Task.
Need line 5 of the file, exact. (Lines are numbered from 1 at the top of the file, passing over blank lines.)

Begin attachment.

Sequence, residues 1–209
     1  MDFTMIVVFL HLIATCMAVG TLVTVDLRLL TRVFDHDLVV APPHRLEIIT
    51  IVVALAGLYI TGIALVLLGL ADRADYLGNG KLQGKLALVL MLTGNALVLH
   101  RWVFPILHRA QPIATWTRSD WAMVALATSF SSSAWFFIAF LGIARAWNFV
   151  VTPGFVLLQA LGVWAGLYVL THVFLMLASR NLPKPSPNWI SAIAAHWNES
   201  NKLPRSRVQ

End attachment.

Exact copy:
   151  VTPGFVLLQA LGVWAGLYVL THVFLMLASR NLPKPSPNWI SAIAAHWNES